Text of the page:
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Year : 2021  |  Volume : 5  |  Issue : 1  |  Page : 41-45

Evaluation of radiation exposure from X-ray imaging among scoliotic patients at a tertiary care hospital

1 Department of Surgery, Division of Orthopedic Surgery, King Abdulaziz Medical City, Ministry of National Guard Health Affairs; King Abdullah International Research Medical Center, Riyadh, Saudi Arabia
2 King Abdullah International Research Medical Center; College of Medicine, King Saud Bin Abdulaziz University for Health Sciences, Riyadh, Saudi Arabia
3 King Abdullah International Medical Research Center, Population Health Research Section, Riyadh, Saudi Arabia

Correspondence Address:
Dr. Ibrahim A Almohini
College of Medicine, King Saud Bin Abdulaziz University for Health Sciences, Ar Rimayah, Riyadh 14611
Saudi Arabia
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Source of Support: None, Conflict of Interest: None

DOI: 10.4103/jmsr.jmsr_117_20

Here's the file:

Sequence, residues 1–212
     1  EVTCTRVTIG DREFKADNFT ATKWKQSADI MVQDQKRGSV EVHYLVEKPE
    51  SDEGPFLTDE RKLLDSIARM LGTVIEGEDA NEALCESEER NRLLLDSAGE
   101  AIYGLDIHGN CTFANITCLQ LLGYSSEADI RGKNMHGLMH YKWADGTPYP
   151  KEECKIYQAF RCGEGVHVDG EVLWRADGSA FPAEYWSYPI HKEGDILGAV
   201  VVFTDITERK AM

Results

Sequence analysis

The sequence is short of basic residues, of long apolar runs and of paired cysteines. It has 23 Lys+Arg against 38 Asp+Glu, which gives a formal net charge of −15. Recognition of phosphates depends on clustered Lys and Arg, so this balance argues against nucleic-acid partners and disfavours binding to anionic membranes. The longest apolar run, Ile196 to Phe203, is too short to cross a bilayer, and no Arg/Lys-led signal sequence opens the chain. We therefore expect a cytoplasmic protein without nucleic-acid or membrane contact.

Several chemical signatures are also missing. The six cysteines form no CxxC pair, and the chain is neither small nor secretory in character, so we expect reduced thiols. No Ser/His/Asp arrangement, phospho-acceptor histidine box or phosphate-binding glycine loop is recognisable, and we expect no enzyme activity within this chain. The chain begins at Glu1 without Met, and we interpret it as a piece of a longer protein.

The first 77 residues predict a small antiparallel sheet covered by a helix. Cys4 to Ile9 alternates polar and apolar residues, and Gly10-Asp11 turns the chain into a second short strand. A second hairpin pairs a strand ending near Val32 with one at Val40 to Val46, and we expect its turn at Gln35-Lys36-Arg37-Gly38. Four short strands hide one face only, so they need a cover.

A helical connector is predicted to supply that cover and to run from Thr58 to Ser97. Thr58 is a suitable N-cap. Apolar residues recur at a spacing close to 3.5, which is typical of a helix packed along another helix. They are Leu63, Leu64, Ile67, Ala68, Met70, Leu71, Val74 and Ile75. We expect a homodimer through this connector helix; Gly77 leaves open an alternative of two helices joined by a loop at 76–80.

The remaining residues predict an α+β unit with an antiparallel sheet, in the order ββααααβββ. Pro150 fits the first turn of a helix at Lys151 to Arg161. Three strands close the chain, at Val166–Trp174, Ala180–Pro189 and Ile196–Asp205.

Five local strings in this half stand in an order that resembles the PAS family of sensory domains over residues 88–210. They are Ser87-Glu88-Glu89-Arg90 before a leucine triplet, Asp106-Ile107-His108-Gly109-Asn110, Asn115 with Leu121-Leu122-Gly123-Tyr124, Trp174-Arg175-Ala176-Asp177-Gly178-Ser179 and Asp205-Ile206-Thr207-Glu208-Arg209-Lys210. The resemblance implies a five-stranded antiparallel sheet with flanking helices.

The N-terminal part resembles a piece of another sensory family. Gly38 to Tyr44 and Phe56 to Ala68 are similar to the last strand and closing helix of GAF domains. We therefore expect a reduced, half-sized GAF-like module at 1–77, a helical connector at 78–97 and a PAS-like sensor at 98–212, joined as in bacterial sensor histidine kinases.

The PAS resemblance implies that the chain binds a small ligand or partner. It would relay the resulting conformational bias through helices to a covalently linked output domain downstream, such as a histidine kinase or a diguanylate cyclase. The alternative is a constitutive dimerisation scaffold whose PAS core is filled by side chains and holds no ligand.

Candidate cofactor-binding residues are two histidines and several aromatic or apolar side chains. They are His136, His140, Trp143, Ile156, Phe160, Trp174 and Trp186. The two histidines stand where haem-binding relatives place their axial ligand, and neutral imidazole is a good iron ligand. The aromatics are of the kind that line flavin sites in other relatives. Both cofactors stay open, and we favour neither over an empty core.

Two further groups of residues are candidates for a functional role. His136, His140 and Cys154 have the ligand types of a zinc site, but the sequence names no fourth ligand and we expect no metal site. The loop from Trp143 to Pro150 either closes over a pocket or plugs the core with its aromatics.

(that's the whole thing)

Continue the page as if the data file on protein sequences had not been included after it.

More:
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Objectives: The radiographs were reported to cause a potential risk of cancer resulting from multiple spinal radiographs' cumulative radiation. Based on the spine's anatomic location, covering a large body area and its proximity to radiosensitive organs, the radiation dose required is relatively higher than annual background radiation ~2.4 millisievert (mSv)/year. The aim of the study was to estimate the radiation doses from imaging in scoliotic patients at a tertiary care hospital. Methods: The study design was a retrospective cohort study where the charts of scoliotic patients aged 12 years and older were reviewed between 2008 and 2017. Evaluation of the spinal imaging was commenced at the time of diagnosis, where the patients were initially seen in the orthopedic clinic with a follow-up period of 2 years. The estimated radiation dose was measured according to the average effective dose by mSv. Results: The total sample size was 140 patients, and the mean age was 19.3 years. Idiopathic scoliosis was the main subtype with 116 patients (82.6%). The average of total spine X-ray films was 5.2. The average cumulative effective radiation dose was estimated at 22.13 mSv. The initial management type was found to have a significant linear effect (P < 0.0001) on the cumulative effective radiation dose. Conclusions: The cumulative radiation dose is markedly elevated in comparison to the reported numbers in the literature (yearly average dose = 2.17–15.07 mSv). Ultra-low-dose radiation may need to be used instead of standard radiographs to reduce radiation risk.

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